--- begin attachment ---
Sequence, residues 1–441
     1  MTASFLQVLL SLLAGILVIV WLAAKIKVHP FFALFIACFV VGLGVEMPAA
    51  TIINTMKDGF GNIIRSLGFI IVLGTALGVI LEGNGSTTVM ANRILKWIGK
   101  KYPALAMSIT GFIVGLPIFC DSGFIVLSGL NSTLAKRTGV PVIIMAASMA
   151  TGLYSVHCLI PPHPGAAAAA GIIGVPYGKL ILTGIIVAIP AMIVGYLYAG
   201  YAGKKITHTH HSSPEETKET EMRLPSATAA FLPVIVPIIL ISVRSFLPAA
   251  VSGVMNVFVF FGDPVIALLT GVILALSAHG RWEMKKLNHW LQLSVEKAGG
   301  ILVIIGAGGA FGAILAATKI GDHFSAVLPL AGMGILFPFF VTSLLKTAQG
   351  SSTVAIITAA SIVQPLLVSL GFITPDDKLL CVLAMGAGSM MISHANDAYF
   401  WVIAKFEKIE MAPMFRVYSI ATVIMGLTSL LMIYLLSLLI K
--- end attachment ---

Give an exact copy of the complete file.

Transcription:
Sequence, residues 1–441
     1  MTASFLQVLL SLLAGILVIV WLAAKIKVHP FFALFIACFV VGLGVEMPAA
    51  TIINTMKDGF GNIIRSLGFI IVLGTALGVI LEGNGSTTVM ANRILKWIGK
   101  KYPALAMSIT GFIVGLPIFC DSGFIVLSGL NSTLAKRTGV PVIIMAASMA
   151  TGLYSVHCLI PPHPGAAAAA GIIGVPYGKL ILTGIIVAIP AMIVGYLYAG
   201  YAGKKITHTH HSSPEETKET EMRLPSATAA FLPVIVPIIL ISVRSFLPAA
   251  VSGVMNVFVF FGDPVIALLT GVILALSAHG RWEMKKLNHW LQLSVEKAGG
   301  ILVIIGAGGA FGAILAATKI GDHFSAVLPL AGMGILFPFF VTSLLKTAQG
   351  SSTVAIITAA SIVQPLLVSL GFITPDDKLL CVLAMGAGSM MISHANDAYF
   401  WVIAKFEKIE MAPMFRVYSI ATVIMGLTSL LMIYLLSLLI K